gran torino

Here’s a brief review of Gran Torino, which I saw almost a month ago.

This movie was less painful than I anticipated. The trailer for the film looked weak, and I was expecting a variation on Million Dollar Baby. It promised some of the same ingredients… Clint as himself, one-dimensional narcissists as supporting characters, and priest character as two-dimensional straw man…

But the film itself had a few fun moments. Clint plays Walt Kowalski, a wizened but gruff widower and war veteran who thinks the neighborhood is falling apart when a Hmong family moves in next door. His biases are challenged as he gets to know them. The scenes in which Clint’s character visits the neighbors offer lighthearted moments that save this film from its overarching earnestness. Some of the humor falls flat, though. Read the excellent review over at Rightwing Film Geek for more on this.

It’s not a great film, by any stretch of the imagination. There are long stretches of predictability, and pretty much every scene involving the priest character is tedious, awkward, and unnecessary. There are many poorly acted sequences.

A few thoughts by way of comparing the priest characters in Million Dollar Baby and Gran Torino: Both are cardboard cutouts. Both have the pastoral acumen of someone at Dell Technical Support. Neither resemble actual human beings. Both are simply window dressing on the theme that organized religion is shame-based and impotent to effect personal change. (The real moment of grace in Torino is a confession between two characters through a screen door, as contrasted with the actual celebration of the sacrament earlier in the film). The priest in Torino is far more prominent, but less integral to the plot and thereby more annoying.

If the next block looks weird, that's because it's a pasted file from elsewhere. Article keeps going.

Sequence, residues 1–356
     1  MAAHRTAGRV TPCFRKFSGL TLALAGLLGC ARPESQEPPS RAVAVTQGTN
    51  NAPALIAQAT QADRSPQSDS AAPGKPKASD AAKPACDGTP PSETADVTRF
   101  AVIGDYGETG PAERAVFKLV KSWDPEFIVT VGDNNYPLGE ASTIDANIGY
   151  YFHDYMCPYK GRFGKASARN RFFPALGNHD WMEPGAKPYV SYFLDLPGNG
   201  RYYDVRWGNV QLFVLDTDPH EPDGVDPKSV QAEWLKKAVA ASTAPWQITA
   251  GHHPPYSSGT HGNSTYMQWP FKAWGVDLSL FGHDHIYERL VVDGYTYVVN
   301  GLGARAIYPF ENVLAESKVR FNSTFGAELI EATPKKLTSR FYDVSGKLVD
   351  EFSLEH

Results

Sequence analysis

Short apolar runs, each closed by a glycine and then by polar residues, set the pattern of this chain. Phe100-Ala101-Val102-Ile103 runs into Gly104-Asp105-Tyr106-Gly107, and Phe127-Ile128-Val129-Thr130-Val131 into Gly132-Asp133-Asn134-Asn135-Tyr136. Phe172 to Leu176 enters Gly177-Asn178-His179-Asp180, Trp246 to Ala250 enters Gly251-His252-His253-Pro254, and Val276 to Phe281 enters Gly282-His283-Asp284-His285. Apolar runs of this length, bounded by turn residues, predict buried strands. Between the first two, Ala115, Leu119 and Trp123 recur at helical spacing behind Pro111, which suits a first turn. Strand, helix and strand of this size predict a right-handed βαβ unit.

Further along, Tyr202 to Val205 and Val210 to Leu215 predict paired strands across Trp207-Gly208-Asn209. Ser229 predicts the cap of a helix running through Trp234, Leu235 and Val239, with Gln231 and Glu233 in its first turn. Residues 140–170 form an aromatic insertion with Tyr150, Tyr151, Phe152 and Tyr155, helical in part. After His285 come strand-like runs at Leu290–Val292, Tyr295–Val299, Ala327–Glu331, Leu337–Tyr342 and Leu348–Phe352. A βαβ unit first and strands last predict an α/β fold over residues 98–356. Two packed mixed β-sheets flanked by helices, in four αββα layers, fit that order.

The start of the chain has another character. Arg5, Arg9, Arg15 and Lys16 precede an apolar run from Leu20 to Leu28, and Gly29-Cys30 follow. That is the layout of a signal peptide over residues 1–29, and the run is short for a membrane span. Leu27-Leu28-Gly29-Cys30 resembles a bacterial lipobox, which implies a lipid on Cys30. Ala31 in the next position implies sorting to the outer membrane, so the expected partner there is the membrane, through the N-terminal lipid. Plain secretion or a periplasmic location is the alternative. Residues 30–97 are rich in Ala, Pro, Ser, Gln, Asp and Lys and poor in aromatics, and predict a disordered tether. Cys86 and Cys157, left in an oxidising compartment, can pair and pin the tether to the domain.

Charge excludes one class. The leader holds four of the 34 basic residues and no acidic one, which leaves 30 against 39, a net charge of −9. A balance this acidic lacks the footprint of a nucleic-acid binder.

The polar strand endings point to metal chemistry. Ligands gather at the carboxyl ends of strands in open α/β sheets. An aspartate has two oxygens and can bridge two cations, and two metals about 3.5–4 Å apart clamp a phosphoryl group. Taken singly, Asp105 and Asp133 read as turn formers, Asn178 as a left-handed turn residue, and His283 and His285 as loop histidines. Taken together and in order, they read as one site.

One thematic parallel between MDB and GT is that you can achieve redemption on your own terms, and in isolation from the rest of the human community. In both films, Clint plays the Lone Ranger of Grace, out to set things right by himself and in his own way. Clint seems to be given over to this form of sentimentality. As Armond White of the New York Press noted in his review: “Gran Torino panders to convenient sentimentality, leaving audiences no wiser about life, death, civilization or justice…. Gran Torino’s only truth is a half-truth.”

8 thoughts on “gran torino

  1. Wow, disappointing to hear this. I’m visiting friends in San Diego and Tijuana now, and we’re planning to go see it tonight. I’d read some other very positive articles about it, but yours and another have been pretty negative. I suppose it’s one of those films on which there is no middle ground…love it or hate it.

  2. Clayton,I look forward to your further detailed response and thank you for the link to the O’Connor essay.I haven’t seen doubt so I can’t yet comment as to a comparison. I don’t think the priest in GT was “whitewashed” though, I guess in sum I’ll just say it wasn’t the best depiction but I just hope it is an idicator of more possitive portrayls of priests in film. Also I find myself wondering if Clint is exploring the idea of joining the Catholic Church…

  3. I know this is off topic, but I see there is a link to the Word On Fire web site on your page! I have recently been following the development of Father Robert Barron’s Catholicism project, and I greatly encourage other people to support it as well! It’s great work, check it out. http://www.wordonfire.org